Cooking Fire Damages Westside Oswego Residence

A cooking fire damaged an Oswego residence Tuesday.

A cooking fire damaged an Oswego residence Tuesday.

OSWEGO – The Oswego Fire Department was dispatched to a multiple occupancy residential building for a reported cooking fire at 8:33 p.m. today (Feb. 9) at 136 W. Fourth St.

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A cooking fire damaged an Oswego residence Tuesday.

OFD units arrived on the scene at 8:36 p.m. and reported smoke showing
and that the building was being evacuated.

Firefighters made entry to the building, with the engine company working on the fire, and the ladder truck company searching for trapped occupants.

Crews were able to confine the fire to the kitchen stove area, with some extension to the wall and range hood.

The building was charged with smoke throughout and was ventilated before residents were allowed to return.

This building did have working smoke alarms, which helped the residents escape the fire unharmed.

It appeared that there were 7 occupied bedrooms along with some common areas located in this structure.

The building sustained minor smoke damage throughout the common areas, and heavier damage to the kitchen area.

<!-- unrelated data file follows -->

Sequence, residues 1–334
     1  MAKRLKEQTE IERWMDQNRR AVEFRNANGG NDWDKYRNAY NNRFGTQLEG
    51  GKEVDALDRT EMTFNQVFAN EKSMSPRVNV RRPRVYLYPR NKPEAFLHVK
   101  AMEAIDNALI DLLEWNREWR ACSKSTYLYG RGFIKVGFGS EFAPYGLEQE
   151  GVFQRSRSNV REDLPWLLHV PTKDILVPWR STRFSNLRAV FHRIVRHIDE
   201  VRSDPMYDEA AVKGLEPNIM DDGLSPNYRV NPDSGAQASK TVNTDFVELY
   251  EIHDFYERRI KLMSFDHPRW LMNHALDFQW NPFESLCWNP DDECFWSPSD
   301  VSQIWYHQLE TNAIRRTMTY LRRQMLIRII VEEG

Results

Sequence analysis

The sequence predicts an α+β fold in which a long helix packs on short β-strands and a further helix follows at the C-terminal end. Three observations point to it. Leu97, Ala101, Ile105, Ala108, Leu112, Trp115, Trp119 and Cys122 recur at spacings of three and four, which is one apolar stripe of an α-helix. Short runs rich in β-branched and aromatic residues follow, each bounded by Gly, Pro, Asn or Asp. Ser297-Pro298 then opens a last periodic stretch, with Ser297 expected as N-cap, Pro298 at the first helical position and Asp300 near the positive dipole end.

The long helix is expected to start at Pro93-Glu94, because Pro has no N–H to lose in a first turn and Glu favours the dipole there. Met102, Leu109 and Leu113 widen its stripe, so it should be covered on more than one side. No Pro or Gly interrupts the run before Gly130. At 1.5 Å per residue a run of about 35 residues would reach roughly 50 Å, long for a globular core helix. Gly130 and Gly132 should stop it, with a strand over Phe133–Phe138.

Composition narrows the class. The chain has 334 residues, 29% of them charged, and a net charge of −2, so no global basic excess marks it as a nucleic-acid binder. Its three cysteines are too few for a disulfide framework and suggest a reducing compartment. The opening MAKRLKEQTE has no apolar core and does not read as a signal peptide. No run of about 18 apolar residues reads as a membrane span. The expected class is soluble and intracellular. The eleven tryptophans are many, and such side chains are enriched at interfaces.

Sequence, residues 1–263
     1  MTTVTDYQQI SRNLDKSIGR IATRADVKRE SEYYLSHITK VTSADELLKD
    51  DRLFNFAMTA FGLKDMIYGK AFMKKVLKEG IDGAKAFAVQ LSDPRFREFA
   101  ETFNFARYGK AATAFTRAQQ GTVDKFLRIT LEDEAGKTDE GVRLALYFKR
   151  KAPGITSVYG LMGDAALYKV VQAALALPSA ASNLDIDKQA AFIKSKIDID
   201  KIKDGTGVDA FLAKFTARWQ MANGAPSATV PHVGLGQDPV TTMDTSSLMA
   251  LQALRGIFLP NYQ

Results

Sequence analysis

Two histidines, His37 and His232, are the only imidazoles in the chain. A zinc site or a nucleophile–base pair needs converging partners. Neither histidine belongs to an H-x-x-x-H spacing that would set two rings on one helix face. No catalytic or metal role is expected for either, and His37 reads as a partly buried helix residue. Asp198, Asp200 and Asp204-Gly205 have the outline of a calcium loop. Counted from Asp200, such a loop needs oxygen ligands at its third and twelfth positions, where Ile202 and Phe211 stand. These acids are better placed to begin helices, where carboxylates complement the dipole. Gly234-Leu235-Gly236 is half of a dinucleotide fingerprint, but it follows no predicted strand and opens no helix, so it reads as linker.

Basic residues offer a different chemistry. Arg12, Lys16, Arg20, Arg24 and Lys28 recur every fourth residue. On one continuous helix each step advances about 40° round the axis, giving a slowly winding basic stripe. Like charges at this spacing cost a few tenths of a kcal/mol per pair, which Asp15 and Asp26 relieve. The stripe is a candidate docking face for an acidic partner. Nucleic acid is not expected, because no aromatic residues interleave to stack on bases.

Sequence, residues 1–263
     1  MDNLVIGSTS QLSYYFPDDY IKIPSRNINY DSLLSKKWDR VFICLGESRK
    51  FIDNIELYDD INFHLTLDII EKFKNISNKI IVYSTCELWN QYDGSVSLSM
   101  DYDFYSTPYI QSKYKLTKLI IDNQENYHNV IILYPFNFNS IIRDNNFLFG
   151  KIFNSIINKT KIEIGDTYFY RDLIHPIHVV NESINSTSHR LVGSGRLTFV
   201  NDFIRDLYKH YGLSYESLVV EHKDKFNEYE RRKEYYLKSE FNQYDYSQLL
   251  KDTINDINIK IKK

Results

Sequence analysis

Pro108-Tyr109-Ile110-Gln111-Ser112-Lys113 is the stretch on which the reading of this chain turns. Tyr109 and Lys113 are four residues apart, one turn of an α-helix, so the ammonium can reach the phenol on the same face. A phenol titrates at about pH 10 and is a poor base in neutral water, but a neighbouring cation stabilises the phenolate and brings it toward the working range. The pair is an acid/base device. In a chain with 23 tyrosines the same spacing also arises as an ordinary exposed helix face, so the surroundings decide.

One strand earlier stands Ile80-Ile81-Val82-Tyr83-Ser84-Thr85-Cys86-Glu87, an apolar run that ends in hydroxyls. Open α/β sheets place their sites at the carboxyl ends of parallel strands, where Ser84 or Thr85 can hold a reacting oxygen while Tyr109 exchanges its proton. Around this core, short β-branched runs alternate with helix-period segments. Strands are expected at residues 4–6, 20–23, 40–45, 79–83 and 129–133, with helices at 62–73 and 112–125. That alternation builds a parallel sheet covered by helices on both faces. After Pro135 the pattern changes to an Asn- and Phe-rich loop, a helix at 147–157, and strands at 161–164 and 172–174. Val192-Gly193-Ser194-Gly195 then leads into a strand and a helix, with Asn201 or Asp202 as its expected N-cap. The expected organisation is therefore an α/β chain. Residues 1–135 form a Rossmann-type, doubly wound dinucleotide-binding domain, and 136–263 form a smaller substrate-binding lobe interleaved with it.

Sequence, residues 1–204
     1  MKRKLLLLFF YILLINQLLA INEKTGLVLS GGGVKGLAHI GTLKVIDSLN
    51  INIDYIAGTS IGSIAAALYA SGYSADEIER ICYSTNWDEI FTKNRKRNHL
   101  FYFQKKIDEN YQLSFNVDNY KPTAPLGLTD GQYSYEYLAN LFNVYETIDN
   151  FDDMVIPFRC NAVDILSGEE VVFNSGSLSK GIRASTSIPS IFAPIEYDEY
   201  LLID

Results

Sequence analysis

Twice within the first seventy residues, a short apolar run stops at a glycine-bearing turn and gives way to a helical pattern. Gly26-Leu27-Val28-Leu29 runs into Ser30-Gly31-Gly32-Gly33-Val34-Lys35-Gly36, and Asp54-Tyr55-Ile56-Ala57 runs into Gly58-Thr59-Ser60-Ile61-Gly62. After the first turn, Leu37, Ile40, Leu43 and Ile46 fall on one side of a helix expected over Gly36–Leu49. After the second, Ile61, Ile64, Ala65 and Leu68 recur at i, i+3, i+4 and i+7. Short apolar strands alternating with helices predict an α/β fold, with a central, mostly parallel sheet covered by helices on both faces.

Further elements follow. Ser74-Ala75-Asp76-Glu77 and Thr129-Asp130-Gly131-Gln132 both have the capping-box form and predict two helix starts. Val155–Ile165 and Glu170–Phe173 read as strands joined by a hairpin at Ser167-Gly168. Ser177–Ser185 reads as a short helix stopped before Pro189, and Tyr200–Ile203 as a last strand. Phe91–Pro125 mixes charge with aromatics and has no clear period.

No injuries were reported.

All crews were back in service at 9:10 p.m.

Cooking fires are typically one of the leading causes of home fires and home injuries.

Residents are reminded to be alert when cooking, and to keep anything that can catch fire away from the stove.

Small grease fires can be smothered by sliding a lid over the pan and turning the burner off.

Never use water for a grease fire!

For an oven fire, turn off the heat and keep the door closed.

Although small fires can seem rather routine, they can grow quickly.

It’s often best to get out of the house, close the door, and call 911 immediately.

It’s also a good idea to keep a small ABC rated fire extinguisher handy, as you may need it to escape the home safely.

Lastly, the fire department encourages everyone to check their homes for working smoke alarms and carbon monoxide alarms.

Smoke alarms should be installed inside of every bedroom, outside every sleeping area, and on every level of the home.

Carbon monoxide alarms should be installed on every level of the home.